EFFECTS OF MYOSIN HEAVY CHAIN ISOFORMS AND CARDIOMYOPATHY MUTATIONS ON SARCOMERE LENGTH-DEPENDENT ACTIVATION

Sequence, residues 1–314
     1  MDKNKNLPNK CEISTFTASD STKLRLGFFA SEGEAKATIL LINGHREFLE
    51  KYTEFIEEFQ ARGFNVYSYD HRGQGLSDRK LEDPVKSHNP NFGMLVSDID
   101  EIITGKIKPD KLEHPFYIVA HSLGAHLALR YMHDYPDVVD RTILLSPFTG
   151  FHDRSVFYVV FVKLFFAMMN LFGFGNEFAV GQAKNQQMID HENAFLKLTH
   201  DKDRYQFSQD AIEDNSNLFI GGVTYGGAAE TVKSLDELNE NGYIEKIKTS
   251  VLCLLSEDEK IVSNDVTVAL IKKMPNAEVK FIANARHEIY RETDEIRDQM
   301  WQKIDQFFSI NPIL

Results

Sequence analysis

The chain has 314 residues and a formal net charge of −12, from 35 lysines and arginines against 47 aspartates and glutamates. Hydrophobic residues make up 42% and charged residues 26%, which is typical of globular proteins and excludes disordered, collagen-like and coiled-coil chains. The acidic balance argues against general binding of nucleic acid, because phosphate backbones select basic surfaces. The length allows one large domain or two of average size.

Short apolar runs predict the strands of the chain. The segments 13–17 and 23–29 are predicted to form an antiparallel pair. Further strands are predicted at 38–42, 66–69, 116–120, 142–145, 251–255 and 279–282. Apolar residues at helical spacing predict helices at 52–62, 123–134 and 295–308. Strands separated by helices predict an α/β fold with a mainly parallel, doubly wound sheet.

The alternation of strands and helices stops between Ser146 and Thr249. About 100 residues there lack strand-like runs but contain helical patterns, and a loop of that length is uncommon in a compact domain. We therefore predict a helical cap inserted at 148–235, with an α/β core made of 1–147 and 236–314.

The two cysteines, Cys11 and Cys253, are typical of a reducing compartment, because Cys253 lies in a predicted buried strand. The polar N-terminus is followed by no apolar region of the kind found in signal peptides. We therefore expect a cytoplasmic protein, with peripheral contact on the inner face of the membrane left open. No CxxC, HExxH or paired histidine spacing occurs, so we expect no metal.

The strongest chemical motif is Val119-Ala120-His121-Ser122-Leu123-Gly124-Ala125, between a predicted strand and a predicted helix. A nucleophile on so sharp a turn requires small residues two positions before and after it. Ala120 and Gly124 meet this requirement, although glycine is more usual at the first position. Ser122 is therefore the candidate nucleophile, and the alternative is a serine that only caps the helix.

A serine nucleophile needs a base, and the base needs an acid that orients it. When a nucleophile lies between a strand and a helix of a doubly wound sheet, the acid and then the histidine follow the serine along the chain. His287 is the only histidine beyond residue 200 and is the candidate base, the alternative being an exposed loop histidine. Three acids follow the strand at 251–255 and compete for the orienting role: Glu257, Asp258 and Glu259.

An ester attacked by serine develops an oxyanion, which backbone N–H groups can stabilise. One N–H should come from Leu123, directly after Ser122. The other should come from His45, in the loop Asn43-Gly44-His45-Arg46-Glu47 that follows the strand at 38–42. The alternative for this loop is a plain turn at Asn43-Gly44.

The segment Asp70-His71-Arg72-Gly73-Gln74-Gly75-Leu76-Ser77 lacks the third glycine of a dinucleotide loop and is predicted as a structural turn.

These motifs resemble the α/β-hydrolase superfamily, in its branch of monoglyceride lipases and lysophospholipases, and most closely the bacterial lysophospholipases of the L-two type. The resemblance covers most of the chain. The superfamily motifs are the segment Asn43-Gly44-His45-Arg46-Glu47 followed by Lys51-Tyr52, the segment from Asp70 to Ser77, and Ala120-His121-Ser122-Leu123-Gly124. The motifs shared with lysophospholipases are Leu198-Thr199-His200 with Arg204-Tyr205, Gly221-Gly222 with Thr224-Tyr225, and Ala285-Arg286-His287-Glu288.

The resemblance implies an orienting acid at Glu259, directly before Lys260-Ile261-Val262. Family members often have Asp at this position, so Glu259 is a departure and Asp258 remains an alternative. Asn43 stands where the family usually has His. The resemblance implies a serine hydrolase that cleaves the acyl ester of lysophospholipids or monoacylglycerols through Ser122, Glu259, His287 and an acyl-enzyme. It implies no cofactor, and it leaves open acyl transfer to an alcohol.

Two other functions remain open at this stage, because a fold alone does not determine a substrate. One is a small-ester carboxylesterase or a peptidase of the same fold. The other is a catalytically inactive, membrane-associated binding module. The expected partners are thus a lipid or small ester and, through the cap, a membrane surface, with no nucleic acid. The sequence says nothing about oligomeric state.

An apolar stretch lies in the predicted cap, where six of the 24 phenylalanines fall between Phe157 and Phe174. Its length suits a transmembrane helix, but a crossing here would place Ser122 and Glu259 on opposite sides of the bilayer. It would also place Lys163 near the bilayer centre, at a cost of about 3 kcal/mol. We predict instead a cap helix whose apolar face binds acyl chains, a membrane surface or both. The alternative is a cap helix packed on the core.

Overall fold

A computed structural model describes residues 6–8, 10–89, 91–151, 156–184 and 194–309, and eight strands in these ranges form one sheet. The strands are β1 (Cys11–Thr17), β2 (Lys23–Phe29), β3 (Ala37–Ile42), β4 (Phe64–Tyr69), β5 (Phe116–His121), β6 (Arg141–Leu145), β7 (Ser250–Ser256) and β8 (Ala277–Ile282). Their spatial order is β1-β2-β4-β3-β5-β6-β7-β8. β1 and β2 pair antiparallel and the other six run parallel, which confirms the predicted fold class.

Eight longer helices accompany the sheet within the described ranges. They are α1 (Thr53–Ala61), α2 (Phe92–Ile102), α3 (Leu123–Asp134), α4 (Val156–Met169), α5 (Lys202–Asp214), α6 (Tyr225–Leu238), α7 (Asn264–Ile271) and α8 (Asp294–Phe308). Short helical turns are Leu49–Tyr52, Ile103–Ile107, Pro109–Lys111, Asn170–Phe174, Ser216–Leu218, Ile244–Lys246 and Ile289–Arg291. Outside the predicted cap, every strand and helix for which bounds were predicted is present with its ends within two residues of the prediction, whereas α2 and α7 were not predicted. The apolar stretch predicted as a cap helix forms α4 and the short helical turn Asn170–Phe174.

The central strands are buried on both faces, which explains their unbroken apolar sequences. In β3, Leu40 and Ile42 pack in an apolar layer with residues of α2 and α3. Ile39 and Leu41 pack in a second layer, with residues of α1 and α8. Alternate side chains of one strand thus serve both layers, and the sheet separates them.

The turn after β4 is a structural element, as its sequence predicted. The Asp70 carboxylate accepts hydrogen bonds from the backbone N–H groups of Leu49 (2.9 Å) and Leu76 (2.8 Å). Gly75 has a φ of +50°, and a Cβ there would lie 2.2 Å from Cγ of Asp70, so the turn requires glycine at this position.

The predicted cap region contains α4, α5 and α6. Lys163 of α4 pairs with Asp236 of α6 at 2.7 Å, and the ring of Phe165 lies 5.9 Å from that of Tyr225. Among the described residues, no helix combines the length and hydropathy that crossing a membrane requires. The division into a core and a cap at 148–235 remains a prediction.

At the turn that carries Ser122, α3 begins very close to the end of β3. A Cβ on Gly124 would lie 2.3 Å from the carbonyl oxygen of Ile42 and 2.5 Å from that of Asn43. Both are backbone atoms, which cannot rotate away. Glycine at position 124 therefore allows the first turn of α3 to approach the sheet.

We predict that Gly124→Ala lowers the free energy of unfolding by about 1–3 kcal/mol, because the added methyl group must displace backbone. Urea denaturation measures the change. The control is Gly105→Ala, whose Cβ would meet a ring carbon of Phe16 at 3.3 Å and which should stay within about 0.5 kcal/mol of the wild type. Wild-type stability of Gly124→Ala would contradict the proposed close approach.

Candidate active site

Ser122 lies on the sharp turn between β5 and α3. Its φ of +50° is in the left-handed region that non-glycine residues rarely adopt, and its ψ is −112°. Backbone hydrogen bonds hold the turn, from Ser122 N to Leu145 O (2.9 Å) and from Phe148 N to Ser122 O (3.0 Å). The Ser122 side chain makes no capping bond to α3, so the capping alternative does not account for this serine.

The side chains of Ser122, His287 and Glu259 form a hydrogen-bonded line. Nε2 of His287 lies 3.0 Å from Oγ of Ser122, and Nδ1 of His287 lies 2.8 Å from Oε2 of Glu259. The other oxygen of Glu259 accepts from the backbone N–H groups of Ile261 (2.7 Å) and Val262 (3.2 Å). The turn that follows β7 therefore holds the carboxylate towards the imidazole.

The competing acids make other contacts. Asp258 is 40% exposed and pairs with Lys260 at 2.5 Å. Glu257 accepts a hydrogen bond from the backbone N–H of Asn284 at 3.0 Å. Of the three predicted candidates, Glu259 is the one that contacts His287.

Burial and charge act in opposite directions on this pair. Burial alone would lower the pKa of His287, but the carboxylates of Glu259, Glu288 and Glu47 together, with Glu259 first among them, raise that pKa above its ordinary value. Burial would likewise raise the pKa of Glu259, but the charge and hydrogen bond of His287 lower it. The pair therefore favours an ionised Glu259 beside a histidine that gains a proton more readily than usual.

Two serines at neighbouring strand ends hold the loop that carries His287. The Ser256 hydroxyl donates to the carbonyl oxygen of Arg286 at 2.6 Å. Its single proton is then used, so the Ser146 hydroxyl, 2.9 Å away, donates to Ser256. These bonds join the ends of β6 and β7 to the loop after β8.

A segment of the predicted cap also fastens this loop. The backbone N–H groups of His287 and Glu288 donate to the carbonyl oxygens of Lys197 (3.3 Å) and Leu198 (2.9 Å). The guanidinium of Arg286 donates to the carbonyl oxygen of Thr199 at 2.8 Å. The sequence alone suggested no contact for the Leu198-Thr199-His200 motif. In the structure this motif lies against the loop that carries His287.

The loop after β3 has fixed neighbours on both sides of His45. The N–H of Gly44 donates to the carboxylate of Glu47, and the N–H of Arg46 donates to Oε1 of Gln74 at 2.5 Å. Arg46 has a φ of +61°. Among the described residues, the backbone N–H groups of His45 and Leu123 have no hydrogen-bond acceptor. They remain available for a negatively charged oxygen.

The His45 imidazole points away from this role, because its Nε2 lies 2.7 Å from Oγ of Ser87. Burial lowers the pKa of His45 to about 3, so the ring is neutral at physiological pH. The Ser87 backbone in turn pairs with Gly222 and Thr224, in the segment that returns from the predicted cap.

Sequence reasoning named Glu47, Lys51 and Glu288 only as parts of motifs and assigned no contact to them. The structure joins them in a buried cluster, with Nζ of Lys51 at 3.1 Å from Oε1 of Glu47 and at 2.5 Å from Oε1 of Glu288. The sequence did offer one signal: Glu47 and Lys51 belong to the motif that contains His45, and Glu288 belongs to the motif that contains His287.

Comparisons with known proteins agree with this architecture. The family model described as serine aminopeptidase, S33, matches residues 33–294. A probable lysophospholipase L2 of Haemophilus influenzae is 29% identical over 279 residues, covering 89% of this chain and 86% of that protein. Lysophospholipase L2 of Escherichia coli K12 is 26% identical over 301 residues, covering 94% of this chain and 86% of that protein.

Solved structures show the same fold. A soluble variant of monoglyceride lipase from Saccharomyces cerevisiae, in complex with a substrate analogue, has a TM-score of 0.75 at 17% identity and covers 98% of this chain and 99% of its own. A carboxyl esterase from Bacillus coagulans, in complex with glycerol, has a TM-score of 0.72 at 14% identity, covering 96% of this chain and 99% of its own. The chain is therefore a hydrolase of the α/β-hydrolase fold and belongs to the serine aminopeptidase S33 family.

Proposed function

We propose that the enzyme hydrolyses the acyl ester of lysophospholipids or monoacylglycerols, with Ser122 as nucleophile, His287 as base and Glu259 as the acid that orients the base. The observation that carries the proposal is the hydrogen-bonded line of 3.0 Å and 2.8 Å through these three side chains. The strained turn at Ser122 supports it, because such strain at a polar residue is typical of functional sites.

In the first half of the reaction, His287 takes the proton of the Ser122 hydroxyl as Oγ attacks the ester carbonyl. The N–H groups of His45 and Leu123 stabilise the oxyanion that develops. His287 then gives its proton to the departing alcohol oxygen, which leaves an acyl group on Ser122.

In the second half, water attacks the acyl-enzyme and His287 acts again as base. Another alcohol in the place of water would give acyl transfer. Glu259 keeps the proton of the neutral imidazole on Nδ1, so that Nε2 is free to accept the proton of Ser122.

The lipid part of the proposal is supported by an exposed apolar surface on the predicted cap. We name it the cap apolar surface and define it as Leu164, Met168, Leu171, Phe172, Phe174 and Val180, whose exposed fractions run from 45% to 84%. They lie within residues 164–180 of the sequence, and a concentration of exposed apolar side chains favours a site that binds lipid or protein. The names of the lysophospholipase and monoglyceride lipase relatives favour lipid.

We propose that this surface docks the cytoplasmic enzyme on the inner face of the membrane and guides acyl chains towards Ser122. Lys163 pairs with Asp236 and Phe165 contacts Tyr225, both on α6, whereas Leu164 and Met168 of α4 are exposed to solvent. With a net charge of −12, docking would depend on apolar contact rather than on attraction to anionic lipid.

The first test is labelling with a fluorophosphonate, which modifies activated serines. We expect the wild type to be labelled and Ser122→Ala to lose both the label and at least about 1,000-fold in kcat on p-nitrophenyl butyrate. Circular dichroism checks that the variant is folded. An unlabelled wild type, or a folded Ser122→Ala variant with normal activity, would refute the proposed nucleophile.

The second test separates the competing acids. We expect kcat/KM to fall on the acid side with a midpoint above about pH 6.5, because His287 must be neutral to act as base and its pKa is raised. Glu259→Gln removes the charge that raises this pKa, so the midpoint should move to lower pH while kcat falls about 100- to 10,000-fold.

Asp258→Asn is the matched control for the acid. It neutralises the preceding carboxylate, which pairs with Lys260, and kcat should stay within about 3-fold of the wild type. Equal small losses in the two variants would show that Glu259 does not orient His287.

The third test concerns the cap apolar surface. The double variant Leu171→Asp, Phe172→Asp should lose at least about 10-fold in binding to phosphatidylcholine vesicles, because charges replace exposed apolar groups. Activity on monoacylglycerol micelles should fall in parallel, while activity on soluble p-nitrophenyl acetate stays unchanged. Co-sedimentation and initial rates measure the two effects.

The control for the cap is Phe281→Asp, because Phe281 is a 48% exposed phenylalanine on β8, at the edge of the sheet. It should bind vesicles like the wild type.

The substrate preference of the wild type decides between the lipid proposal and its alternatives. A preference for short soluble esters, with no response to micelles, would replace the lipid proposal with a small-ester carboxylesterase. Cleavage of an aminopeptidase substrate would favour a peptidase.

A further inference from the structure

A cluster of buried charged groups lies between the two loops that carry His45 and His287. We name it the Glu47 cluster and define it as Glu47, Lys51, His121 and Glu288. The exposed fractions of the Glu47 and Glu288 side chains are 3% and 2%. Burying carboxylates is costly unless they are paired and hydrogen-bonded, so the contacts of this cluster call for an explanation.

Heritable mutations in cardiac muscle proteins lead to hypertrophic cardiomyopathy (HCM) and dilated cardiomyopathy (DCM) in humans. There is a lack of knowledge on how HCM/DCM-related mutations alter the molecular mechanisms governing cardiac muscle function to induce diverse pathological phenotypes and dysfunction. A central mechanism to cardiac muscle function is myofilament length-dependent activation (LDA), whereby an increase in muscle length potentiates myocardial force production. Proper manifestation of LDA is critical for healthy heart function because it underlies the molecular basis by which the heart is able to increase cardiac output in response to increased venous return. Among the important regulatory contractile proteins, myosin heavy chain (MHC) in the thick filament and troponin T (TnT) in the thin filament may confer functional effects to LDA due to their roles in regulating crossbridge (XB) recruitment dynamics. One major limitation to our understanding of LDA in health and disease is that most studies utilize rodent models that predominantly express fast-cycling α-MHC, whereas humans express slow-cycling β-MHC. Kinetic features of MHC isoforms impart unique effects on contractile dynamics, and may therefore modulate LDA. Such observations highlight the need to investigate mechanisms of LDA against a β-MHC background. Therefore, the overall objective of this dissertation is to assess the role of MHC and cardiomyopathy mutations on LDA in adult guinea pig hearts, which naturally express β-MHC. The central hypothesis is that changes in MHC isoform and cardiomyopathy mutations in TnT impact mechanisms governing LDA. We tested our hypothesis by measuring steady-state and dynamic contractile function in detergent-skinned guinea pig cardiac muscle fibers. Specific Aim 1 assessed the effect of altered MHC isoform expression on LDA. Specific Aim 2 investigated the effect of HCM-linked TnT mutation (F88L) on contractile dynamics and LDA. Specific Aim 3 investigated the effect of DCM-linked TnT mutation (R174W) on contractile dynamics and LDA. Regarding MHC, we found that a shift from α- to β-MHC enhanced LDA. Furthermore, HCM and DCM mutations impaired cardiac LDA through distinct mechanisms. This work provides mechanistic insights into the mechanisms governing cardiac muscle LDA, and how such mechanisms manifest in health and disease states.